Epping set for second shot at Olympics
- Updated: September 10, 2013
Heading into last season’s competitive curling campaign, John Epping was feeling relatively comfortable about his team’s prospects of qualifying for the 2013 Tim Hortons Roar of the Rings, presented by Monsanto.
A solid 2012 season, highlighted by a breakthrough victory over Glenn Howard in the final of the Players’ Championship, the last stop on the World Curling Tour’s Grand Slam schedule, had moved the Toronto team into fifth position in the Canadian Team Ranking System standings.
But, curling is a slippery game, and by the time the 2013 edition of the Players’ Championship rolled around, the race for a berth in the Canadian Curling Trials, Dec. 1-8 in Winnipeg’s MTS Centre, had tightened significantly.
“It was pretty nerve-racking,” said Epping. “We actually had a pretty good cushion most of the way through the season. We had some points in hand, but then Brad (Jacobs) won the Brier and went on to the world championship. All of a sudden, the gap closed up pretty quickly.”
After dropping out in the quarter-finals of the 2013 Players’ Championship, the Epping foursome watched nervously on television as Jacobs took on Glenn Howard in a semi-final match. With the ensuing Howard victory, the Epping team nailed down the coveted invitation to Winnipeg this December.
“It was bad news for Brad, and good news for us. We would have been assured a spot in the Pre-Trials,” said Epping, referencing the 2013 Capital One Road to the Roar, presented by Monsanto, Nov 5-10 in Kitchener. “But it’s nice to avoid the stress of that week in November where there’s going to be some great curling. It gives you a different mentality… it’s a lot easier to plan your season.”
Epping, and third Scott Bailey, both have recent Trials exposure, after anchoring the front end of the Wayne Middaugh foursome at the 2009 Tim Hortons Roar of the Rings in Edmonton.
“I think we’ll be a lot more prepared as a result of our experiences from 2009,” said Epping. “We’ll have a better awareness of what happens during the week. You work so hard for three or four years to get there, and then it all comes down to one pressure-packed week.”
“It’s obviously going to be different for me as a skip, and Scott will be moving up from lead to third, but we’re definitely looking forward to it.”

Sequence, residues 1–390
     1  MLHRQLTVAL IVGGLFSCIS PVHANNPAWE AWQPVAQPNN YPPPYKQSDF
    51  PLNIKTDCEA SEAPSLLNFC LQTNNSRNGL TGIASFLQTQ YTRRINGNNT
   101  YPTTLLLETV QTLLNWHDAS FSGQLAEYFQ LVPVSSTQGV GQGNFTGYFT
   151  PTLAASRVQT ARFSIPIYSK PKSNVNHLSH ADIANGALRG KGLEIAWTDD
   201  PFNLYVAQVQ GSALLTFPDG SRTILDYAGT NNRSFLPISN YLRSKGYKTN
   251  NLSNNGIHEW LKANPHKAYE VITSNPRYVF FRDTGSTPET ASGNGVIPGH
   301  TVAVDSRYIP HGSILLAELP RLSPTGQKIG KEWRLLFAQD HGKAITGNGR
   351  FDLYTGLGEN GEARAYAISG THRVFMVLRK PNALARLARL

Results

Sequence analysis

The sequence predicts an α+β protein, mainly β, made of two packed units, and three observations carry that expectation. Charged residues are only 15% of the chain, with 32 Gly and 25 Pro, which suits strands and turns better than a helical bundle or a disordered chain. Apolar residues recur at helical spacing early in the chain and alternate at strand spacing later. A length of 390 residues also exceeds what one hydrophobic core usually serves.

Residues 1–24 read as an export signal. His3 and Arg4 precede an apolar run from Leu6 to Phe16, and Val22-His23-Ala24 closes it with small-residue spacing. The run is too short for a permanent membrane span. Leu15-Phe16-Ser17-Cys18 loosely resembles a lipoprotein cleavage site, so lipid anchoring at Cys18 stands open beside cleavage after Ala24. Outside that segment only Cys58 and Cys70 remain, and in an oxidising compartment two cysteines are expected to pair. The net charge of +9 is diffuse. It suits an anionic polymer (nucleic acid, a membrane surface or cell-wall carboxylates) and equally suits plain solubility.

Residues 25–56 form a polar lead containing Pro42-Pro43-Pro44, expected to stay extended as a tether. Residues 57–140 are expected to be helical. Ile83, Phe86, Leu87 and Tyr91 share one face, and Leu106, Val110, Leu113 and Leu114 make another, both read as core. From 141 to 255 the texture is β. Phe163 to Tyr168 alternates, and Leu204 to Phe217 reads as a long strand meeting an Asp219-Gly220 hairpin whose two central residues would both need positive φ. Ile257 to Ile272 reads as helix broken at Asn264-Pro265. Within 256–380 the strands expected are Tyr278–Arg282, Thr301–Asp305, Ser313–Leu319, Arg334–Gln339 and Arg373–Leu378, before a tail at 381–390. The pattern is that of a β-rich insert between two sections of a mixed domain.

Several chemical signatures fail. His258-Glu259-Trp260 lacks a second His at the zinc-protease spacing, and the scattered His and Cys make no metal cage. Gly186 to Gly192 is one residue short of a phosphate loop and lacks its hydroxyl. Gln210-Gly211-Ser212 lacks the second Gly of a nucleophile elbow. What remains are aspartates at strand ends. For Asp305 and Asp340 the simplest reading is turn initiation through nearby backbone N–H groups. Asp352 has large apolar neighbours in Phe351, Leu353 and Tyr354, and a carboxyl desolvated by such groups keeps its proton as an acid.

The front end of Epping’s roster features veteran Collin Mitchell – part of the Mike Harris team that won the 1998 Olympic silver medal for Canada – and David Mathers, a member of the Mat Camm silver medal team at the 2011 Canadian junior men’s curling championship.
With the Roar of the Rings on the horizon, the team’s preparations are well underway. “We always have a good off-season training routine, but with the Trials just three months down the road, we’ve kicked it up a notch. We had the good fortune of having summer ice for practice, so we’ve been able to get out there in August.”
An added dimension to this year’s training regime is the consultation of a sports psychologist who has been assisting the team with the mental aspect of the game. “I can really see that it’s making a difference,” said Epping, on the eve of their season-opening competition at the Ontario Curling Tour’s Stu Sells Oakville Tankard.
Epping credits the provincial tour with the growing number of elite-level teams on the competitive circuit. Four Ontario squads – Epping, Howard, Rachel Homan and Sherry Middaugh – have already qualified for the Roar of the Rings, and 10 more will be in the 24-team field at the Road to the Roar Pre-Trials.
“Over the past four or five years, the tour has made a big difference,” said Epping. “It’s given teams a chance to compete against each other week-after-week. And when Glenn Howard started entering events, as well as a number of the top out-of-province teams, it really raised the level of competition.”
“You Gotta Be There” when Epping hits the ice at the MTS Centre, along with the rest of the best in Canadian curling, for the 2013 Tim Hortons Roar of the Rings. Get your tickets today by clicking here.